At the heart of the district, the Hotel Louvre Sainte-Anne is the perfect place if you want to stay as close to your centers of interest as possible.

The rooms are elegant, some are even equipped with a balcony, that will offer you both calm and peace.

Prices: from €162 per night

Address: 32 rue Sainte-Anne, 75001 Paris


Hotel Louvre Marsollier Opéra

Louvre Marsollier Opéra hotel room

Two minutes away from the district, the Hotel Louvre Marsollier Opéra is ideal for tighter budgets, with single rooms from €60 per night.

It is the guarantee of a relaxing sleep, as it is located in a quiet street. It will be perfect for a prolonged stay near the Japanese district.

Prices: from €60 per night

Address: 13 rue Marsollier, 75002 Paris


Hotel Thérèse

Hotel Thérèse room

A few steps away from the rue Sainte-Anne, the Hotel Thérèse will give you a warm welcome.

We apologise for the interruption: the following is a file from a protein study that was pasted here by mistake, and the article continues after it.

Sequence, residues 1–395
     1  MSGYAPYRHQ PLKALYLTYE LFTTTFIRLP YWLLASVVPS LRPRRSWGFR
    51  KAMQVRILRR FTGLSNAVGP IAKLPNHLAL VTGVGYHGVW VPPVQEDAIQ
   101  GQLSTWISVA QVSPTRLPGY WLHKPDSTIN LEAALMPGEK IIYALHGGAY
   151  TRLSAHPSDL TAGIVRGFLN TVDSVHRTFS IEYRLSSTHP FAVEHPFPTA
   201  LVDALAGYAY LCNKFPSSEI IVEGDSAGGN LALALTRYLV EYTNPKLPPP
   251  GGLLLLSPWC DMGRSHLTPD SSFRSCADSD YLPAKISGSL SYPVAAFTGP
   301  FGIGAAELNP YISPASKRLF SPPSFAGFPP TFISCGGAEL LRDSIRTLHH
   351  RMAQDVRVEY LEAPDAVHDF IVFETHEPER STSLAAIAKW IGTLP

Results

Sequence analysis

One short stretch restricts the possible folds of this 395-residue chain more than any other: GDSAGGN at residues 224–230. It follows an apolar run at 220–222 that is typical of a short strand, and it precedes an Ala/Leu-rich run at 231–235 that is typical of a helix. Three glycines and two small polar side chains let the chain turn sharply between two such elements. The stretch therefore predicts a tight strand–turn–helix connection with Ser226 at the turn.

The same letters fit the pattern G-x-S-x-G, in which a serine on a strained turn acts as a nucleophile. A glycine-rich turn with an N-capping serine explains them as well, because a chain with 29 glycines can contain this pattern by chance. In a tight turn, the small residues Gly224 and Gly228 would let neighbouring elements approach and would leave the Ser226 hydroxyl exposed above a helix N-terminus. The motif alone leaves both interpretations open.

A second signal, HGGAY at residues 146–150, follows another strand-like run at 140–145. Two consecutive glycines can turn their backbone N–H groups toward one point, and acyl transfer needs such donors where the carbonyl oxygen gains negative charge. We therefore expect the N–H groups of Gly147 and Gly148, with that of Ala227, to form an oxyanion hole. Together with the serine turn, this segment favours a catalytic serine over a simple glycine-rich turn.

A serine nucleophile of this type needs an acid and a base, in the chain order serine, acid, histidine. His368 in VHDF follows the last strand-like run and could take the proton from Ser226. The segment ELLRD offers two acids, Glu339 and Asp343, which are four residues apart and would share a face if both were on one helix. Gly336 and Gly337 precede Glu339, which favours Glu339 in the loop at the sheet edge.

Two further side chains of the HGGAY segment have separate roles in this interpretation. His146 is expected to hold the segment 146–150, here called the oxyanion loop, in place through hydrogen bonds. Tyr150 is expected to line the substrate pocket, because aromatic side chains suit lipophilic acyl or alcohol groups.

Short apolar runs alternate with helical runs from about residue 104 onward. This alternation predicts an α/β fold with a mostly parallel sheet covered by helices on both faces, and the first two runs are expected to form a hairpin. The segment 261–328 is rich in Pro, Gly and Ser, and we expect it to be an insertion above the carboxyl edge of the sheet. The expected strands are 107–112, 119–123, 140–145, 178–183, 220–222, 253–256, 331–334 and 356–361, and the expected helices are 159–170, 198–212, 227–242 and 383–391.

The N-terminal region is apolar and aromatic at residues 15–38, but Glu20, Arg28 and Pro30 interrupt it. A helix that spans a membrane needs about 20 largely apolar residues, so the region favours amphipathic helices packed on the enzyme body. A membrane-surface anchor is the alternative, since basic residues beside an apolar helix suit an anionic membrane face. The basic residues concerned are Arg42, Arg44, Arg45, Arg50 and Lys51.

If you wish to enjoy French luxury and comfort for one or two nights in the center of Little Tokyo, this hotel is perfect for you.

Prices: from €180 per night

Address: 5 and 7 rue Thérèse, 75001 Paris


Drawing Hotel

Drawing Hotel patio

The Drawing Hotel located rue de Richelieu rents out big, comfortable, modern rooms, right at the border of the Japanese district.

Luxurious and elegant, it also offers a wide patio for customers to enjoy, with a view over the rooftops of Paris.

Prices: from €125 per night

Address: 17 rue de Richelieu, 75001 Paris


How to get to the Japanese District?

The district lies just in front of the Pyramides metro station, on lines 7 and 14, but it can also easily be reached from the Palais Royal Musée du Louvre station on lines 1 and 7 and the Quatre-Septembre station on line 3.

Bus lines 21, 27, 29, 39, 68 and 95 also make some stops near the district.